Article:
Claire: It’s a crime against the genre that they do not kiss in this scene. In my opinion.
Emma: Who can we arrest for this gross oversight??? Later in the episode, they have a more emotional exchange when Anthony panics at the sight of a bee stinging Kate – the creature that killed his father. At that point, I felt like the couple would give into their pull toward each other soon! But then… they just didn’t.
Do you feel like the horniness was depleted because of how drawn out it was? And what do you think would have made this season reach its true sexiness potential?
Claire: I do think so!!! At the end of Episode 3 I was prepared for the show to reach peak horny – and then, as the episodes continued to pass, one by one, with no advancement of their physical or emotional connection, I slowly forgot that I should want them to rip each other’s pantaloons off. Their frisson is mostly reduced to a lot of highly charged looks. Whither the unexpected, intimate conversation in which they show their vulnerable sides to each other? Whither the stolen kisses? Whither the banter, even? It almost evaporates.
In a period romance that knows it’s not about sex, at least a good one, compensation is made through the dialogue. Plenty of flirting, some judicious moments of emotional intimacy. Breathing as though you’ve just completed an 800m race has its place, but it shouldn’t be your whole toolkit.
Emma: In a post-Covid (ongoing Covid?) world, I was honestly getting distracted by the constant heaviness of their breathing! So many aerosols, just floating freely about!
Claire: Honestly… you’re right. (In a current Covid world!) Much like people who survived the Great Depression always reuse their Ziplocs (or something), us Covid-experiencers will never engage in mutual panting with the same easy comfort.
But to answer your earlier question, I’m still on team “get them married by episode 5.” It’s ludicrous that they heave at each other for around 9 hours before it’s time for them to declare their feelings – and then they marry off-screen and have one brief tryst in their marital bed before the whole season wraps up. It’s not just hurry-up-and-wait – it’s hurry-up-and-wait…. wait… wait…. waiiiiiit…. waiiiiiiiiittt… Oops, you missed it! Better luck next season.
It looks like the show is cueing up Colin and Penelope to be next, though I believe Benedict’s story was third in the original series. What do you hope for in season three?
Emma: The horniness we deserve!!! By about episode 6, I found myself scanning about for potential fuck buddies. Should Eloise get down with printer boy Theo? Should Pen simply declare her love outright to Colin? Should Marina leave her boring husband and take a lover? I don’t know the answers, but I know we deserve more, if not instant, at least not-quite-so-long-term gratification. (Maybe the real central love story of this season was one of friendship, between Penelope and Eloise!)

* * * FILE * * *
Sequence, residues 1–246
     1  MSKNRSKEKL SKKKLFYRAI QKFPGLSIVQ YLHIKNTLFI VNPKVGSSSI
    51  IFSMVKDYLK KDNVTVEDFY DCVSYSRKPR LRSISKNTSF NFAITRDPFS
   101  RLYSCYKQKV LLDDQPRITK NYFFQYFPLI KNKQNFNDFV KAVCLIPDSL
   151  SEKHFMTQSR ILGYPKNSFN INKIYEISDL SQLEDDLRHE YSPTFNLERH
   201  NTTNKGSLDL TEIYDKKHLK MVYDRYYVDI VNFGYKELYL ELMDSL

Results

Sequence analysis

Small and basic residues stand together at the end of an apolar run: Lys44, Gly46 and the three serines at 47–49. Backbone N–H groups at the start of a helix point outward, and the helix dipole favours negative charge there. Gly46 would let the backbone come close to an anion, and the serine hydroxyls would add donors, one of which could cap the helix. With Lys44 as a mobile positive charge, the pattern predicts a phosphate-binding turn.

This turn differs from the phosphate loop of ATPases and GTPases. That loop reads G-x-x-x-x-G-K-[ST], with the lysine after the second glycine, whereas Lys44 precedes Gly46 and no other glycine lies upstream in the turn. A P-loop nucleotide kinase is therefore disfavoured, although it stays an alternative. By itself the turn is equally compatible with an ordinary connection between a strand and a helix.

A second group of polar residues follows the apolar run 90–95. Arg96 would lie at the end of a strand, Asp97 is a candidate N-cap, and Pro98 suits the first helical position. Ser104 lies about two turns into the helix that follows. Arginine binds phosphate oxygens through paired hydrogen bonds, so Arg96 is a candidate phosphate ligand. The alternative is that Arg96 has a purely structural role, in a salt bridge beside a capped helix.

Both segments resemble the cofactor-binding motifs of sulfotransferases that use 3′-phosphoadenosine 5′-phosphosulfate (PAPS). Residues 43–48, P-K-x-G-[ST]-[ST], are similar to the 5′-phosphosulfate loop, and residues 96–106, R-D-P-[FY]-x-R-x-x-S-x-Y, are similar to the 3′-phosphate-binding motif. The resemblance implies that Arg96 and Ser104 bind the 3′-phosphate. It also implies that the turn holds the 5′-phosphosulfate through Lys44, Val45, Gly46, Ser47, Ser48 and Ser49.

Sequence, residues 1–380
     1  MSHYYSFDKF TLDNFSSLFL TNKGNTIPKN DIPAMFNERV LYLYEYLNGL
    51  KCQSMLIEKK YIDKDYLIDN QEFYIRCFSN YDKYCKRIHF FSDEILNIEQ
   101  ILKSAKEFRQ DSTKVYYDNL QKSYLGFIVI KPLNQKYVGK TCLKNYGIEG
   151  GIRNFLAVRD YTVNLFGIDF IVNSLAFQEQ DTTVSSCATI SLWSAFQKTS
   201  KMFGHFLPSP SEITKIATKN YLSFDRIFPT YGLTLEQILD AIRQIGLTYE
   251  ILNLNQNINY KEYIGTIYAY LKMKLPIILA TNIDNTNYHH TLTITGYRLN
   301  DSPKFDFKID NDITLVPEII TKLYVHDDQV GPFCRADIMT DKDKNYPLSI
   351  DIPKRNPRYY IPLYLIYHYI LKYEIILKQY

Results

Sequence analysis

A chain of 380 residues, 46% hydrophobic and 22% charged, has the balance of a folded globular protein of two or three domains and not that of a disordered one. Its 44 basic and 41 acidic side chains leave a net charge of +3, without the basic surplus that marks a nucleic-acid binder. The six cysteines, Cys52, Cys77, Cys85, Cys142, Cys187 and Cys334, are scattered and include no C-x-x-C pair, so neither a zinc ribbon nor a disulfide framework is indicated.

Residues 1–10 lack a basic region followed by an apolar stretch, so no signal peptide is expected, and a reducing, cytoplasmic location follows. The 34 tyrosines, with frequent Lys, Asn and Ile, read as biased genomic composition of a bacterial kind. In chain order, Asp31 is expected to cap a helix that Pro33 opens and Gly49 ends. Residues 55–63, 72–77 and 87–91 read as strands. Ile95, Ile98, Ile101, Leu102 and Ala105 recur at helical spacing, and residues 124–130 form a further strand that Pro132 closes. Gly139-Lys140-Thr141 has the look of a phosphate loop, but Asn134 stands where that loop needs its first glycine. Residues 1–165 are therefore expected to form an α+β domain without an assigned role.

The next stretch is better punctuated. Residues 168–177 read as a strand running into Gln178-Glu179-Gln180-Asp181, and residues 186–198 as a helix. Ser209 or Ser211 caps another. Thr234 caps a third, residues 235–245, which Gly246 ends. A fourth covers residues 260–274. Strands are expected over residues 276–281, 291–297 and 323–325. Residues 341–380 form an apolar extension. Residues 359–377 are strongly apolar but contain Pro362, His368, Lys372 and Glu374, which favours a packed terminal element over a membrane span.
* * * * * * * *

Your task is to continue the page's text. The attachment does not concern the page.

But in all seriousness, I hope that the talented production team behind “Bridgerton” learns from its sophomore season’s flaws. I’d love to see them figure out a way to raise the stakes of the central storyline without giving the audience whatever the gender neutral equivalent is of blue balls. And trust that your cast is skilled enough to communicate sexual tension without relying so heavily on heaving bosoms.
Claire: If next season is Penelope, it’s especially imperative (I think) that they allow themselves to get horny. I love that they cast Nicola Coughlan, who is gorgeous and magnetic, as one of my favorite characters in the books, and I want to see her being lusted over and cherished. Seeing a woman who isn’t pencil-thin in this role, onscreen, in a period piece especially, is so rare.
Emma: Yes yes yes and MORE YES!!!! Nicola Coughlan forever.
Claire: I also would love to see the show embrace the tried-and-true erotic pacing of a spicy romance novel: Plenty of build-up, but with a handful of sex scenes punctuating the latter half of the narrative. Like the “forced marriage after a scandal” trope, it’s that common because it works!
We’ll be back next week with a full pod for paid subscribers on season two of “Bridgerton” – the heaving, the lack of smut, and beyond.